by Ken Stelts, Investment Counselor
If you're an investor, 2003 was a pretty good year, from a tax standpoint. The tax laws implemented that year lowered tax brackets and cut the maximum rates on long-term capital gains and stock dividends to 15 percent. Still, for 2005, you may want to do even more to control your investment taxes -- so you might want to consider municipal bonds.
By investing in municipal bonds, also known as “munis” or tax-free bonds, you may be able to achieve significant advantages, particularly if you're in one of the upper tax brackets. When you own a muni, your interest payments will be free from federal taxes, and, if the municipality that issues the bond is located in your state, your interest payments also may be exempt from state and local taxes.
In fact, the tax advantage of municipal bonds may be so great that you'd have to earn a considerably higher interest rate on a taxable bond -- such as a corporate bond -- just to get the same after-tax return. For example, suppose your federal tax bracket is 25 percent, your state income tax rate is 5 percent and you buy a state tax-free municipal bond that pays 4.5 percent interest. You would have to earn 6.32 percent, or higher, on a corporate bond of similar maturity and quality to match the 4.5 percent yield of your muni. This 6.32 percent figure is the municipal bond's “taxable equivalent yield.” And your municipal bond would provide you with an even greater taxable equivalent yield if you were in a higher tax bracket. If you don’t know your federal and state tax brackets, your tax professional should be able to help you determine these important figures.
Munis and the AMT
Municipal bond interest is free from federal taxes, but some munis -- particularly airport and housing bonds -- might be subject to the alternative minimum tax (AMT). If you think you may have to pay the AMT, you might want to avoid these types of bonds. Conversely, if you know you won't be assessed the AMT even if you bought some AMT-subject munis, you might be especially interested in these bonds, because their yields are typically higher than the yields on regular munis.
Other benefits of Munis - Municipal bonds are issued in two main categories: general obligation bonds and revenue bonds. General obligation bonds finance the ongoing activities of state and local governments, while revenue bonds pay for specific projects, such as airports, hospitals and other civic institutions.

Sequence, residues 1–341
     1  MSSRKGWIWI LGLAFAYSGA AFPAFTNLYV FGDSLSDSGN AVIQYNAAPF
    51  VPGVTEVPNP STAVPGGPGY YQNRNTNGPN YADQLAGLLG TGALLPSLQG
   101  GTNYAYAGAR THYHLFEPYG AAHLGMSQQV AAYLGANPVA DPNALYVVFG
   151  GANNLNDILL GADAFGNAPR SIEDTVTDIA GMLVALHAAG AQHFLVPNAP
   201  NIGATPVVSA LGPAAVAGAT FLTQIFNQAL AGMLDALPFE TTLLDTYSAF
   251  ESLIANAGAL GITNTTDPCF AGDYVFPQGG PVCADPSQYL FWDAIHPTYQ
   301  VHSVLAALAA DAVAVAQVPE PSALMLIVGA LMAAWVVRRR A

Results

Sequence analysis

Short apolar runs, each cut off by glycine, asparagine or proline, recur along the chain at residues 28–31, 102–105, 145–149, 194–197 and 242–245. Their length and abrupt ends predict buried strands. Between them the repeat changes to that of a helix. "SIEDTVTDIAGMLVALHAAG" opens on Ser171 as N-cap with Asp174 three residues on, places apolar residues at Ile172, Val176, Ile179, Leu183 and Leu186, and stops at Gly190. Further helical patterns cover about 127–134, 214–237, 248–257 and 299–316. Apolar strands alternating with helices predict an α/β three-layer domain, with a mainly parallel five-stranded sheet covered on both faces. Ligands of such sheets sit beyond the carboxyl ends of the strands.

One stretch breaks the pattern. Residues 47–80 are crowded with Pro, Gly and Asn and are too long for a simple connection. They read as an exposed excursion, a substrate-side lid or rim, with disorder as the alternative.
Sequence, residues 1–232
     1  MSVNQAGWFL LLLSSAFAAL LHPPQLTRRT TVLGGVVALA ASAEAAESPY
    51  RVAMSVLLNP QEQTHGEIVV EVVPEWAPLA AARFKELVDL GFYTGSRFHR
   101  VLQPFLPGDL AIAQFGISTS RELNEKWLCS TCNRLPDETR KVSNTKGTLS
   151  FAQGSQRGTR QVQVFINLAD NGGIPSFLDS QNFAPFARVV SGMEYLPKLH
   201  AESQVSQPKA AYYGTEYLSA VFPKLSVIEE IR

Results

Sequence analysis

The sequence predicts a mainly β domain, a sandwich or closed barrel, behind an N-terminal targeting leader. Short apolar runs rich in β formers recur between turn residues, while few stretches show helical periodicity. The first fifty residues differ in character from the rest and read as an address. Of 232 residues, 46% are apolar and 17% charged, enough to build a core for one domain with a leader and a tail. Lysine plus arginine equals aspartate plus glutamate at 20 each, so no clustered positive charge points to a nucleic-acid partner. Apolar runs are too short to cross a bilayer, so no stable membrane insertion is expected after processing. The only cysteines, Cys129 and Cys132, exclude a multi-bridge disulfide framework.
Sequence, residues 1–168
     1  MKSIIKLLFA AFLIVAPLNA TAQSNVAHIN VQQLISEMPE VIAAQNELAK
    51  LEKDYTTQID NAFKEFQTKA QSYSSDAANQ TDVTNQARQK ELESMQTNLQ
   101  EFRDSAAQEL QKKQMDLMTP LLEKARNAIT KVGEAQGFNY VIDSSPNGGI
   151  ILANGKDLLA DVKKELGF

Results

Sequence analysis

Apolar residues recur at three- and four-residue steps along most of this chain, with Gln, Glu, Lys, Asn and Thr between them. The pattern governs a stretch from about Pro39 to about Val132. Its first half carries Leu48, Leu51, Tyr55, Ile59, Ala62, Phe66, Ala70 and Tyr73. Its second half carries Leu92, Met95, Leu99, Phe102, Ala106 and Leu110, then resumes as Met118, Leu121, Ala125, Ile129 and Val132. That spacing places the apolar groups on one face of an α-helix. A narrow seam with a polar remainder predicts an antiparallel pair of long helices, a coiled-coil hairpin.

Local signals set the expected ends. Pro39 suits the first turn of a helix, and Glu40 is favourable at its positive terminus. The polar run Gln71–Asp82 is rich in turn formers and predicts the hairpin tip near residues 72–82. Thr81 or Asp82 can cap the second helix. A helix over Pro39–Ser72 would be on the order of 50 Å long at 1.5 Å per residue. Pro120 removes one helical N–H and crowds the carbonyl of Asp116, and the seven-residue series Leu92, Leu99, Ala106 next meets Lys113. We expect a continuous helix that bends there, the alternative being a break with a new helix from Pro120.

So, when you invest in munis, you'll get more than tax advantages -- you'll also get the satisfaction of supporting valuable projects or services in your own state or community.
And that's not all. Consider two other benefits you may get from investing in municipal bonds:
Diversification -- By purchasing municipal bonds, you can help diversify an equity-heavy portfolio. Municipal bond prices generally do not move together with stock prices. And if you hold your municipal bonds until maturity, you can expect to receive back the principal value, along with the interest payments you received along the way.
Stability -- Municipal bonds are among the most secure investments you can own. The default rate on munis - especially general obligation bonds -- is typically quite low. Nonetheless, before you invest in a municipal bond, make sure it receives one of the highest ratings from the major bond rating agencies. You can even buy insured munis if you want an extra layer of
Which types of municipal bonds should you invest in? It can depend upon your goals, risk tolerance and time horizon. Consider purchasing a variety of short-, intermediate- and long-term munis. This type of portfolio -- known as a bond “ladder” -- can help you in all types of interest-rate environments. When market rates are down, you'll have your long-term bonds locking in higher yields. But when market rates are up, you'll have the proceeds of your short-term bonds available to reinvest.
Before purchasing municipal bonds, consult with your tax and investment professionals. You may find that munis can be a great addition to your investment